The U.S. Patent and Trademark Office defines a trademark as "a word, phrase, symbol or design, or a combination of words, phrases, symbols or designs, that identifies and distinguishes the source of the goods of one party from those of others." A logo is a distinctive graphic design element that may be included in a trademark. Trademarks are governed by both state and federal law.
A trademark must be original, which means that it was never used previously with respect to a particular class of goods. A trademark must also be distinctive, in two ways: First, it cannot generically describe the product it represents. "Apple Computers" is sufficiently distinctive, for example, but "Apple Apples" is probably not. Second, a trademark must be sufficiently unique to distinguish it from other trademarks. Above all, a trademark must be actually used in commerce to enjoy protection.
Although you can register your trademark with the U.S. Patent and Trademark Office, you don't have to register it for protection. Without registration, however, your trademark is only valid in the geographical areas where it is actually used -- and you cannot sue for infringement in federal courts. Trademark registration, by contrast, offers nationwide protection and access to federal courts. It also notifies potential infringing parties that you claim ownership of the mark.
Loss of Trademark Rights
Theoretically, a trademark can last forever; however, certain rules apply. To continue to protect your rights to your trademark, you must continue to use it in commerce, file an affidavit with the U.S. Patent and Trademark Office between the fifth and sixth year after registration, and pay renewal fees between the ninth and tenth year after registration and every 10 years thereafter. Even if your registration lapses, you will lose only your registration rights, not your trademark. If you stop using your trademark in commerce with an intent not to resume use, you will lose your trademark rights through abandonment. You can also lose trademark rights by licensing your trademark without restrictions.
Read More: How To Trademark Something
Protecting Your Trademark
In addition to registering your trademark, you should mark your goods with the symbol "TM" (if the trademark is not registered) or "®" (only if it is registered). Marking is not a legal requirement, but it may deter infringement and help you prove that an infringement was intentional. Once you discover an infringement, you should send the infringing party a "cease and desist" letter, demanding that the party stop the infringement. This is also not a legal requirement, but if the infringement continues, it will be difficult for the infringing party to prove that the infringement wasn't intentional.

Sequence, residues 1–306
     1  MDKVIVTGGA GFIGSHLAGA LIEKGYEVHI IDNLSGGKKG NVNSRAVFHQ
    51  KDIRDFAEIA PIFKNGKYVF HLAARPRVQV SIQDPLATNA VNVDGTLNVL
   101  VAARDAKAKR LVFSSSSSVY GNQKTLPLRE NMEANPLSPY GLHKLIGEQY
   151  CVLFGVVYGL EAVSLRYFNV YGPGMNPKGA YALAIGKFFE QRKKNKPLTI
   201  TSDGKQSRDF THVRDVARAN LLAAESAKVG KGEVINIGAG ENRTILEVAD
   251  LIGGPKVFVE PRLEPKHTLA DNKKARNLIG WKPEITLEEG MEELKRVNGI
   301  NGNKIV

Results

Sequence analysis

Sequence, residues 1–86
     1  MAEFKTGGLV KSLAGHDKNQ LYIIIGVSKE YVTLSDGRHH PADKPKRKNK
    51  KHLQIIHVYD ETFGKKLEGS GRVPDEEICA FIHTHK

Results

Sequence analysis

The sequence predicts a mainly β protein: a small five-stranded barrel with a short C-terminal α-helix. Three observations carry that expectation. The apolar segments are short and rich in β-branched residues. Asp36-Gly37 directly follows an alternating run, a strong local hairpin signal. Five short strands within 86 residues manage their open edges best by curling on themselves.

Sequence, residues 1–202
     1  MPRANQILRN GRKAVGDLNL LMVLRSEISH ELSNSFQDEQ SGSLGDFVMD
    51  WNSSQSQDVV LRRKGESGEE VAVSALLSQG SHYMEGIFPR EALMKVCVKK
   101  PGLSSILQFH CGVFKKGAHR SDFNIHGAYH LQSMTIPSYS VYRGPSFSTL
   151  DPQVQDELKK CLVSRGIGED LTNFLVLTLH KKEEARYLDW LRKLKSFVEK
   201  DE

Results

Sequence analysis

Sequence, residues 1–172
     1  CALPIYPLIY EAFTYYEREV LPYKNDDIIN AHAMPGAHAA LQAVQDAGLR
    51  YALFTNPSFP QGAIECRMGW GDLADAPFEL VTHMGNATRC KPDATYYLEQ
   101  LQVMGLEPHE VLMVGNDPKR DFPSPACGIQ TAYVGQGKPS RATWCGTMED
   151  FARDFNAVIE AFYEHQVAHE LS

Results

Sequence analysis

Filing a Lawsuit
If your trademark was not registered at the time of the infringement, you may file a lawsuit in a state court in the state where the infringement occurred. If it was registered, you may file a lawsuit in a federal district court in the judicial district where the infringement occurred. A state court decision is only enforceable within the state, while a federal court decision is enforceable nationwide.
If ownership of the trademark is in dispute, the party who first used the mark in commerce will win, even if the other party registered the trademark first. If the issue is whether the defendant's use actually constituted infringement, it will depend on whether the defendant's use of the trademark could result in a likelihood of confusion in the minds of consumers between your trademarked product and the defendant's product. If your trademark is famous enough, you can win simply by showing that the defendant's use is likely to tarnish the mark's reputation.
If you win a trademark infringement lawsuit, the court will likely issue an injunction restraining the defendant from further use of your trademark. The court is also authorized to award you the amount of damages that you can prove. If the defendant's infringement was intentional, however, the court may award you the defendant's profits if they were greater than your damages. If the defendant infringed your trademark intentionally and also took advantage of your business goodwill, the court might even award you triple damages.
David Carnes has been a full-time writer since 1998 and has published two full-length novels. He spends much of his time in various Asian countries and is fluent in Mandarin Chinese. He earned a Juris Doctorate from the University of Kentucky College of Law.